According to Public Citizen, a nonprofit watchdog group, medical malpractice lawsuit related costs continue to decline. This is bad news for those who continue to include malpractice reform into the “Soon to be passed, no really, I’m serious this time” health care bill. The report, titled Medical Malpractice Payments Fall Again in 2009, shows the downward trend in malpractice payouts. According to Public Citizen:
- 2009 had the lowest number of payments in the 20-year history of the National Practitioner Data Bank.
- Mirroring the Congressional Budget Office’s findings, medical malpractice litigation’s share of overall health care costs dropped to 0.46%.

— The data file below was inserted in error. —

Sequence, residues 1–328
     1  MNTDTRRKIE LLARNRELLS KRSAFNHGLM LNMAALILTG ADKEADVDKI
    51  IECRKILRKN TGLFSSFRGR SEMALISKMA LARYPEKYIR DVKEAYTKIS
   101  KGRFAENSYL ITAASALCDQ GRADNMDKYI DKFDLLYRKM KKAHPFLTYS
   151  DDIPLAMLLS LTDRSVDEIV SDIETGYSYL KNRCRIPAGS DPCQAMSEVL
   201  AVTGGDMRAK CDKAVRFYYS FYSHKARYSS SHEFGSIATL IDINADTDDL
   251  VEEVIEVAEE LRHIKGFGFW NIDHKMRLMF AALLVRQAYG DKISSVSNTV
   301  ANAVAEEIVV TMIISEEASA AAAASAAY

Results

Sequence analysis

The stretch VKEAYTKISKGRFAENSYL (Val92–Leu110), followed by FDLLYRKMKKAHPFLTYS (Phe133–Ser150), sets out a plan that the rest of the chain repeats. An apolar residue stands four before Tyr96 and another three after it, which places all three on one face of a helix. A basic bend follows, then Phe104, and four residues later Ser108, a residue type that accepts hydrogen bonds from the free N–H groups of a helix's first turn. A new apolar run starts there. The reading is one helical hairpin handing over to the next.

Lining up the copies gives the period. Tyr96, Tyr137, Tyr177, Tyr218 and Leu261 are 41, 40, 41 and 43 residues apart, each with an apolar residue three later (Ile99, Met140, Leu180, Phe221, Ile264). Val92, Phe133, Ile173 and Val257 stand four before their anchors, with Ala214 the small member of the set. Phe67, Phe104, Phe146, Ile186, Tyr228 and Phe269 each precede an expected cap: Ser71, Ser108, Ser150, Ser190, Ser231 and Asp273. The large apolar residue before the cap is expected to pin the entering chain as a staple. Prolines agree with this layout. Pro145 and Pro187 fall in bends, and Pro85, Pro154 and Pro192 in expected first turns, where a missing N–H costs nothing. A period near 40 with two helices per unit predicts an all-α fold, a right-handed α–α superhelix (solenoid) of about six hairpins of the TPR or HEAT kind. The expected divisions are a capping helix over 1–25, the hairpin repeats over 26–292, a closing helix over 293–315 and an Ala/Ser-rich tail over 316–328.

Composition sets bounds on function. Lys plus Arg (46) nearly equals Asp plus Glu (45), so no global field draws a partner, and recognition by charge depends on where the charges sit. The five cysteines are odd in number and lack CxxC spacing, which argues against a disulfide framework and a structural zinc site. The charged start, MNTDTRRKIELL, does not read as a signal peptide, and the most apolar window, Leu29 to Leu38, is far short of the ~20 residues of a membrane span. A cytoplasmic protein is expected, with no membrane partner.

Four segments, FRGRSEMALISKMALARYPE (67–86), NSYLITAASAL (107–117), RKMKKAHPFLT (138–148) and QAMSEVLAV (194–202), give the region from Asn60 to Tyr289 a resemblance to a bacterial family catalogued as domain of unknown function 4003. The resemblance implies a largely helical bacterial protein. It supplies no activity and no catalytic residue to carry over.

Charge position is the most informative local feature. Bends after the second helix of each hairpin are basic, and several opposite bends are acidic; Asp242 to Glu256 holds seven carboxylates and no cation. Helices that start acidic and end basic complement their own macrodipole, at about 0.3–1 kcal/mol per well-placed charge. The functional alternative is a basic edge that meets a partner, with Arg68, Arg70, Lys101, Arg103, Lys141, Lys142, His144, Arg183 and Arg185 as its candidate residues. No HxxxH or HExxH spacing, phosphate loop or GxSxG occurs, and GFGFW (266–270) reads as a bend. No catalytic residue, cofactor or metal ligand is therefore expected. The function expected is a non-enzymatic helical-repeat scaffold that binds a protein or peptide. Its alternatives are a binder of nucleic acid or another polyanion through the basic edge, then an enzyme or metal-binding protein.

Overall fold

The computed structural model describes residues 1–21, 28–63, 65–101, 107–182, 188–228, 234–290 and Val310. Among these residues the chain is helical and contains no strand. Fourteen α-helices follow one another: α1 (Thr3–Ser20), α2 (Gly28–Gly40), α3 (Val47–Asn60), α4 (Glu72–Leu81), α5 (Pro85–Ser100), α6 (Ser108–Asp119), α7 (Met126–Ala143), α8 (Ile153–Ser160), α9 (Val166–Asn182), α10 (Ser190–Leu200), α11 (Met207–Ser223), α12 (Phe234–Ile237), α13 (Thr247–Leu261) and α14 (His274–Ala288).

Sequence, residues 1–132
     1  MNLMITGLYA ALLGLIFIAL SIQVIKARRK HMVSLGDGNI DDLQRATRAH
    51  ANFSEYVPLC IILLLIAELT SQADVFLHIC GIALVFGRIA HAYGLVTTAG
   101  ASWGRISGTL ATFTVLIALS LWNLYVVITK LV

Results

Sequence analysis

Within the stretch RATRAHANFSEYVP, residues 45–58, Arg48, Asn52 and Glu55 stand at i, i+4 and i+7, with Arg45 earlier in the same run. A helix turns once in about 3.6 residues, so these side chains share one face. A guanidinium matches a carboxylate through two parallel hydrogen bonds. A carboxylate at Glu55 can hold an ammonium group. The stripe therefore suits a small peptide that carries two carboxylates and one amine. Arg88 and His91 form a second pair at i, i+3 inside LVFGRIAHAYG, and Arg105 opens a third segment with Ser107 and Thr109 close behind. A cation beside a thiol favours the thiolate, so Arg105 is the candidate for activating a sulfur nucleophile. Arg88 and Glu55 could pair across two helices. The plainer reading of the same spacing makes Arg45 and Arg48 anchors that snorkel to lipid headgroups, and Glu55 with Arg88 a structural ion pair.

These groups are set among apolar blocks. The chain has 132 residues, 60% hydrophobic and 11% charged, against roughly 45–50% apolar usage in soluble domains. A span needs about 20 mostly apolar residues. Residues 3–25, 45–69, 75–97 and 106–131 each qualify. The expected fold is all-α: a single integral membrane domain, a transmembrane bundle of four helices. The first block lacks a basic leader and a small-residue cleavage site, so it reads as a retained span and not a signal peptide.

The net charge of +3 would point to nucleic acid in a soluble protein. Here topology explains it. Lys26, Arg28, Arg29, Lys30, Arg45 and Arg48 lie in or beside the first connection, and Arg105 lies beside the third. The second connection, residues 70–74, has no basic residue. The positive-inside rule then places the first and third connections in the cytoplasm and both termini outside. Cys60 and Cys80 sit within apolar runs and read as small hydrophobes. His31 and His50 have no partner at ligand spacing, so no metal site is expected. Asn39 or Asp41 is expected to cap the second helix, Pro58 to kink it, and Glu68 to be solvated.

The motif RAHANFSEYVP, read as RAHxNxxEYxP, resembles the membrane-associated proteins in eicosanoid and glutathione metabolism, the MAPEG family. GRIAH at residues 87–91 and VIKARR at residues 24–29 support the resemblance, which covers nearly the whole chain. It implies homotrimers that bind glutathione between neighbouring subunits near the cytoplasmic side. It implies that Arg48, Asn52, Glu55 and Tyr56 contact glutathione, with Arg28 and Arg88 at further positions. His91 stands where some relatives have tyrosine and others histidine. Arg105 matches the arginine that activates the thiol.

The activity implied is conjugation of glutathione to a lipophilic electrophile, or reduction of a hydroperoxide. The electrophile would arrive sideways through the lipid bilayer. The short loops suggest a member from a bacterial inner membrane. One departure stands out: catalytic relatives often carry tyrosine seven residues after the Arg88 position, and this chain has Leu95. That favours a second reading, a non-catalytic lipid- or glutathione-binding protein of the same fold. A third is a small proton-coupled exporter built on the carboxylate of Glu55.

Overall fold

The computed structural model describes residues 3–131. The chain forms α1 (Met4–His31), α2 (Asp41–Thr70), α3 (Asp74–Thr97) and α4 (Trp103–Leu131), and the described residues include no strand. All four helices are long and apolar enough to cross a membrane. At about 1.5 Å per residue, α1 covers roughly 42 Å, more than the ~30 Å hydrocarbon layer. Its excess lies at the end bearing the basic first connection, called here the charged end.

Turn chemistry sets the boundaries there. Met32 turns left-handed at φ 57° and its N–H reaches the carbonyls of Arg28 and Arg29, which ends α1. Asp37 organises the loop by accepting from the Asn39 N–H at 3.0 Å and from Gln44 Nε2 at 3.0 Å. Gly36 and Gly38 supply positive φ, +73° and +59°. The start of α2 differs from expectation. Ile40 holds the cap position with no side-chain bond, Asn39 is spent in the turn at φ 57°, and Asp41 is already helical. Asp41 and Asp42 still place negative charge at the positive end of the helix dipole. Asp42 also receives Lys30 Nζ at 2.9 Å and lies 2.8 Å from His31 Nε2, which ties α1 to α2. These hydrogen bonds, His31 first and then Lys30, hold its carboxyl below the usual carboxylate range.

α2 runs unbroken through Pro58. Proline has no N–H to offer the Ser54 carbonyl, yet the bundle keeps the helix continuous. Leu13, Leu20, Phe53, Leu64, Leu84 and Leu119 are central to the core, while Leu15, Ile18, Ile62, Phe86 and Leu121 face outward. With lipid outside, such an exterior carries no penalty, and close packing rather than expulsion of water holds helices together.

- In the last ten years, health care spending rose 83%, while medical malpractice payments actually fell 8%.
Public Citizen also dropped another bombshell that, if true, is just stunning. It said that the hospital rating company HealthGrades estimated in 2004 that over 190,000 deaths in the United States are caused by medical errors. This doubled the famous IOM study’s finding of 99,000 deaths in 1999.
There were 3,537 payments made in medical malpractice wrongful death cases in 2009. This tells us that the problem is not malpractice lawsuits but medical errors. The real way to continue to decrease the costs associated with medical malpractice is to get rid of bad doctors, support the good ones (which is the vast majority), and find new ways to decrease the incidence of medical errors.